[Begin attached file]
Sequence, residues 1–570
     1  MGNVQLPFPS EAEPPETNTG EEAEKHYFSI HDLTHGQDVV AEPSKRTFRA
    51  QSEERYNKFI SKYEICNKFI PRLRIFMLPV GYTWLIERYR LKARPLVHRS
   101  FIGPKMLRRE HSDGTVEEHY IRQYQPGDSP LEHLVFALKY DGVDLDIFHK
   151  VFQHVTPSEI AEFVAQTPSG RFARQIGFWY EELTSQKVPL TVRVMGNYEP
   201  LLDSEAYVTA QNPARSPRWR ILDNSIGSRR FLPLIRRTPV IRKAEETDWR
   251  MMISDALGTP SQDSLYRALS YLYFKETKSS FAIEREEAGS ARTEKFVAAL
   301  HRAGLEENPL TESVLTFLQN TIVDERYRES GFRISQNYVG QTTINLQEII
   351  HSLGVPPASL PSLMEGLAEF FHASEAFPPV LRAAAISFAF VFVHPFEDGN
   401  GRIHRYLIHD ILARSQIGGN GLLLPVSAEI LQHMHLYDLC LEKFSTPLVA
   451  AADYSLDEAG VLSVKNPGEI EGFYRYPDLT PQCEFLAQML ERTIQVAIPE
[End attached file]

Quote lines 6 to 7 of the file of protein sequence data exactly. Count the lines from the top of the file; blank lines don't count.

   201  LLDSEAYVTA QNPARSPRWR ILDNSIGSRR FLPLIRRTPV IRKAEETDWR
   251  MMISDALGTP SQDSLYRALS YLYFKETKSS FAIEREEAGS ARTEKFVAAL